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Coffee and Tea Reports from the Front Lines

Brazil Decaf Market Survey Unveiled

BRAZIL - Brazil, with a population of about 170 million by the latest census, is the second largest coffee consuming country (after the U.S.); it is estimated to roast and consume about 13.5 million bags and drink an estimated 115 billion cups a year. By a recent survey made by ABIC, the Association of Brazilian Coffee roasters, only about 1% of this volume is in the form of decaffeinated coffee.

Coffee drinking is a traditional national pastime with many “cafezinho” cups consumed throughout the day, and any excuse is a good reason for inviting friends, visitors and customers to enjoy a friendly cup. Perhaps due to the habit and custom of drinking a strong, black, flavorful coffee many times during the day without any apparent insomnia problems, it has not occurred thus far to Brazilians, when offering or serving coffee, to raise the question, “Decaf?” The result is a very limited market for the product; it is believed most decaf consumption in Brazil is the result of doctors’ orders.

The limited demand has resulted in the investment of only one decaffeinated coffee product in Brazil, the firm COCAM (Cocam Cia. De Café Soluvel e Derivados). COCAM began operations in 1970 and is located in Catanduva in the interior of Sao Paulo about 400 km from the capital. COCAM has two factories in Catanduva, producing freeze dried and spray dried soluble coffees and the installation for producing green, roasted or soluble decaffeinated coffees . The company produces a wide variety of instant coffees and extract, providing a private label service for the principal Brazilian and international coffee firms, which are the main basis for their operations. - Harry C. Jones

India’s Darjeeling tea sells for world record price

INDIA - A top-grade Darjeeling tea fetched a world record price of 18,000 rupees ($390.70) a kg in an auction at the main Calcutta tea market, a trade body said recently.

“Five chests containing 55 kg tea, produced by the Makaibari tea estate, Darjeeling, were sold by J. Thomas & Co. Pvt Ltd, at a world record price of 18,000 rupees a kg,” the Calcutta Tea Traders Association said in a statement.

“It [silvertips Darjeeling tea] was keenly competed for by buyers and was purchased by Godfrey Phillips India Ltd GDFR.BO for export to Japan and the United States of America,” it said.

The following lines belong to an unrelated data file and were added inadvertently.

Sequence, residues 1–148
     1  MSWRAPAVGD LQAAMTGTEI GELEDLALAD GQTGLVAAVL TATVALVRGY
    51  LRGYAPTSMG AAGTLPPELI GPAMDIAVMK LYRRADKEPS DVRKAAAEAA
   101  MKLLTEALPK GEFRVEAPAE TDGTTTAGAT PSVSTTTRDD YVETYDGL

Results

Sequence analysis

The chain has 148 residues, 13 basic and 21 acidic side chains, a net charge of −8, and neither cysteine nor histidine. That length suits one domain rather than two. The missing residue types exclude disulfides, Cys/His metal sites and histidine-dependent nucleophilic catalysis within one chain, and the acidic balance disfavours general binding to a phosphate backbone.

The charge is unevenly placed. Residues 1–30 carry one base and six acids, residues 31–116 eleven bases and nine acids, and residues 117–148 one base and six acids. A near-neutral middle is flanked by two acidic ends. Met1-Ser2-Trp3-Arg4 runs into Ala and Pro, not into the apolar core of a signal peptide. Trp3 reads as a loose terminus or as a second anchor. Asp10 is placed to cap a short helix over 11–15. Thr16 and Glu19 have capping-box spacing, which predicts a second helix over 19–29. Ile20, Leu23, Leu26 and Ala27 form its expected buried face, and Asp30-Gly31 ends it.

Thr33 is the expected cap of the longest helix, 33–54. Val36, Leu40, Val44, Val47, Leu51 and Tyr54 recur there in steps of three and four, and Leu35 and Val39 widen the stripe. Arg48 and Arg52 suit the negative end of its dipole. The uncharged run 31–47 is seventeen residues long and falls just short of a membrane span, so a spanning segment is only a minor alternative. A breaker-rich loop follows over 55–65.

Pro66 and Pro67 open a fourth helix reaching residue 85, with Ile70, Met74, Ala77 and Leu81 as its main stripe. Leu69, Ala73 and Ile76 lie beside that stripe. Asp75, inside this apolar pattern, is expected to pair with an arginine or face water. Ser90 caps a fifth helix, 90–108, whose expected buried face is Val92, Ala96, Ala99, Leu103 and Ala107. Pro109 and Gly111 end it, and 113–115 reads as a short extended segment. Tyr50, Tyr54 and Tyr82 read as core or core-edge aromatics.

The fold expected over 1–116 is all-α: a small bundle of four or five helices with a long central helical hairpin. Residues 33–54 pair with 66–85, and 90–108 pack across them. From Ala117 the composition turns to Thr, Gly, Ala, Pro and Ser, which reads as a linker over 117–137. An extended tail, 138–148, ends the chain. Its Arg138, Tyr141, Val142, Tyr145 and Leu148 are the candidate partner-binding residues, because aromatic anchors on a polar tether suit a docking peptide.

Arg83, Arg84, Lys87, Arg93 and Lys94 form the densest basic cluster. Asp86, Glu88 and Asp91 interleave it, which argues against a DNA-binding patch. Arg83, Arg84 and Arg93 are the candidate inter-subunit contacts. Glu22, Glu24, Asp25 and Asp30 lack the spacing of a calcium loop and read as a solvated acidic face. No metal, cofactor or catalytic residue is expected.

Officials at J.Thomas & Co, the world’s biggest tea brokerage company, said the previous highest recorded tea price was also for Darjeeling. The tea sold for 13,001 rupees a kg at a 1992 auction.

India, the world largest tea producer, exports nine-to-10 million kg of Darjeeling a year. Darjeeling, an orthodox tea produced in a mountainous district of the same name in West Bengal state, is known as the champagne of teas. ***($1=46.07 rupees)

Researchers Cultivate Decaf Beans

JAPAN - Decaf brew from a coffee plant that has been genetically modified to produce beans with very little caffeine could one day come to a coffee shop near you, reports the Globe and Mail.

“At present, coffee is decaffeinated industrially, but the process is expensive and the flavor of the product is poor,” say the Japanese researchers who engineered the decaffeinated plant.

They used genetic engineering to block a gene that produces a chemical that the plant uses to make caffeine.

Shinjiro Ogita and his colleagues at the Nara Institute of Science Technology in Japan say the plants produce coffee beans that are essentially normal, except they would contain up to 80% less caffeine - 20% more than most people are looking for in a cup of decaf, but it is a good start in a novel approach for taking the kick out of coffee, the researchers say.

Their findings are published in the British journal Nature.

Caffeine was first extracted from coffee beans in 1820, when the poet Goethe urged a German chemist to find out why he had insomnia, the International Coffee Organization says.

Decaffeinated coffee was first produced commercially in 1906.

Tea & Coffee - September/October, 2003
Modern Process Equipment


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